Memorize and practice these CPT braindumps before you go to attempt real exam.

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Exam Code: CPT Practice exam 2023 by team
CPT Common Proficiency Test

Exam Details:
- Number of Questions: The CPT (Common Proficiency Test) is a multiple-choice exam consisting of four sections, each with a specific number of questions. The sections and their respective question counts are as follows:
1. Fundamentals of Accounting: 60 questions
2. Mercantile Laws: 40 questions
3. General Economics: 50 questions
4. Quantitative Aptitude: 50 questions
In total, the CPT comprises 200 questions.

- Time: The CPT is a time-limited exam, with a total duration of 4 hours. Candidates have 2 hours for each session, and they cannot leave the examination hall during the session.

Course Outline:
The CPT is an entry-level examination conducted by the Institute of Chartered Accountants of India (ICAI). It serves as the first step in the Chartered Accountancy (CA) course. The course outline for the CPT includes the following subjects:

1. Fundamentals of Accounting: This section covers the basic principles and concepts of accounting, including the preparation, presentation, and interpretation of financial statements, accounting for partnerships, and accounting for nonprofit organizations.

2. Mercantile Laws: This section focuses on the legal aspects relevant to the business environment, including the Indian Contract Act, the Sale of Goods Act, and the Partnership Act.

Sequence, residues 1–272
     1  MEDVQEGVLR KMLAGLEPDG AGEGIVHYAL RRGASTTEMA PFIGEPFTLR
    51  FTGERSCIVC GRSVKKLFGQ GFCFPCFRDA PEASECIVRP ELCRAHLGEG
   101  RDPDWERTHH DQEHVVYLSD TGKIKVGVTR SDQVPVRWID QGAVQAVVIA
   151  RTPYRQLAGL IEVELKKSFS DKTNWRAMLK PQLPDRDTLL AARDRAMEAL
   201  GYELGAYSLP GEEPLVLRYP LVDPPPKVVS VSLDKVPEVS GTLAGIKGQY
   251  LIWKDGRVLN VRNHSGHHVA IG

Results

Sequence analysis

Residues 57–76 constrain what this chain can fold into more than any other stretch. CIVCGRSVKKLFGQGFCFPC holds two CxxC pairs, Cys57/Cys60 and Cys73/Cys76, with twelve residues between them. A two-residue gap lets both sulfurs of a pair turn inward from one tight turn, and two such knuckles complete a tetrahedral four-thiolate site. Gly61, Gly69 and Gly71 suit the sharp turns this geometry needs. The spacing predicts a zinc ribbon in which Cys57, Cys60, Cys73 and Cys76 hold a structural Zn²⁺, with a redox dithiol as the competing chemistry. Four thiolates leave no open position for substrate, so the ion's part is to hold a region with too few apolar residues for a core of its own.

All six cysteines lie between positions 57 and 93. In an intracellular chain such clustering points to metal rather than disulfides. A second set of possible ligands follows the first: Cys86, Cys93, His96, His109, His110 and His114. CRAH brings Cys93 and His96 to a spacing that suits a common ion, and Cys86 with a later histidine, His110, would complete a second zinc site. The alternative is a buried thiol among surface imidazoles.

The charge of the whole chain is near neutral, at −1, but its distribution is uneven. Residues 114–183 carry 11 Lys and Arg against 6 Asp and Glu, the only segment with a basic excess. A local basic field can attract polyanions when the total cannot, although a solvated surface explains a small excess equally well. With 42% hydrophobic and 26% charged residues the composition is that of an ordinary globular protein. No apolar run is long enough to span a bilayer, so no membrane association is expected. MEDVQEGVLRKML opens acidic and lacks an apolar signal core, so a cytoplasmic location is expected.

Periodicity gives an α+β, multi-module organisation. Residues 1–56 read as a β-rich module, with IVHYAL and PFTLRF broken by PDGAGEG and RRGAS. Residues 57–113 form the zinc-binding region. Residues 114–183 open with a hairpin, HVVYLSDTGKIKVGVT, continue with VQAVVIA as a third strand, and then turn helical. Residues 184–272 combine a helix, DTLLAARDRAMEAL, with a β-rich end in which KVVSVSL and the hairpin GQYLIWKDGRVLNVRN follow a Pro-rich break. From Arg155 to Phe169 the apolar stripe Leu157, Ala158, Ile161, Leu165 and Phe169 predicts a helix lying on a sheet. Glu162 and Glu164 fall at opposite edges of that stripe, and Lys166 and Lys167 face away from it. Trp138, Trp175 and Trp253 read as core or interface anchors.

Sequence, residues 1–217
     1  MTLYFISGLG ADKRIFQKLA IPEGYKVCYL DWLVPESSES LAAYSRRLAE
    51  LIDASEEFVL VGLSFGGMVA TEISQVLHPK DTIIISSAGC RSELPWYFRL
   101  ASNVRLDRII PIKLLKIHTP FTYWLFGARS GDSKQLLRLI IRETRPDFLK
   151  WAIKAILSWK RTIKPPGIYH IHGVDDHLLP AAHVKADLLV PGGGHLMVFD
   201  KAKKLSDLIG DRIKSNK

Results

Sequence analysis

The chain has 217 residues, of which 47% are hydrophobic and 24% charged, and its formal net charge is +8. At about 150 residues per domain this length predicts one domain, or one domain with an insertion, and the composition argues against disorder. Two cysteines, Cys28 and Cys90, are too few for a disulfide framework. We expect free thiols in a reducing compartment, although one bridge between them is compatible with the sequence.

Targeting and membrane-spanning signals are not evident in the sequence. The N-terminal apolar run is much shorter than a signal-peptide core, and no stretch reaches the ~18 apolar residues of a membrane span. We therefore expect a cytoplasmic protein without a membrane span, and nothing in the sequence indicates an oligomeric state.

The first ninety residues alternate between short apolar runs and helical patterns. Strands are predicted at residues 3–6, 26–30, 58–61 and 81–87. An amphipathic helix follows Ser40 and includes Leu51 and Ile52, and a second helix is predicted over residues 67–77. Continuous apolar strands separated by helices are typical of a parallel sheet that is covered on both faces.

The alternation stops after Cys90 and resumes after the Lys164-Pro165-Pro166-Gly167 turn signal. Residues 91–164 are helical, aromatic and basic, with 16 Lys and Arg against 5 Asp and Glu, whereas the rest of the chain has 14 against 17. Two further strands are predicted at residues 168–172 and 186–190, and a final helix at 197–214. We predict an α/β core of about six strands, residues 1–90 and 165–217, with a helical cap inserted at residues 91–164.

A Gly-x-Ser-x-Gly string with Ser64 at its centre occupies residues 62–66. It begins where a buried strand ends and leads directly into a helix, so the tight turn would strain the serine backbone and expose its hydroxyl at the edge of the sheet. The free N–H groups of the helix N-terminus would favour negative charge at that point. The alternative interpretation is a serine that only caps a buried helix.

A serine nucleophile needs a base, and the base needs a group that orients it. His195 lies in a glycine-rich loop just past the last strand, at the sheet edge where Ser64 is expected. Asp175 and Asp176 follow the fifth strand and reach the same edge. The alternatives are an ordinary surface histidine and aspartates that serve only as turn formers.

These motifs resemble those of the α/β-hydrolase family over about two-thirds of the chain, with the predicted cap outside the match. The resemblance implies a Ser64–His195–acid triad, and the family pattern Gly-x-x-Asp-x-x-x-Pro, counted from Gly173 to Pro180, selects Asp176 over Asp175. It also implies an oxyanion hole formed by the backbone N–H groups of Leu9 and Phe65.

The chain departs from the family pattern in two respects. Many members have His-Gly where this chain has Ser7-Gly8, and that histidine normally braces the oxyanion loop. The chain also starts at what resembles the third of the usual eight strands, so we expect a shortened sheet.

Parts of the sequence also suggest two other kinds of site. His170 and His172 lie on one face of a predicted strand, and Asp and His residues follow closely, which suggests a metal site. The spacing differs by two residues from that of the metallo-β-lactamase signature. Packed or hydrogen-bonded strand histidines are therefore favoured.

3. General Economics: This section covers fundamental economic concepts and principles, including microeconomics and macroeconomics, price determination, national income, money and banking, and economic reforms in India.

4. Quantitative Aptitude: This section tests the candidates' mathematical and analytical skills. It includes syllabus such as ratios and proportions, time and distance, equations, probability, and basic statistical concepts.

Exam Objectives:
The CPT has the following objectives:

1. Assess Fundamental Knowledge: The exam aims to evaluate candidates' understanding of the fundamental concepts and principles of accounting, mercantile laws, general economics, and quantitative aptitude.

2. Test Analytical Skills: The CPT assesses candidates' ability to apply logical and analytical thinking in solving numerical and theoretical problems.

3. Measure Aptitude for the CA Profession: The exam aims to determine candidates' aptitude and suitability for pursuing a career in chartered accountancy.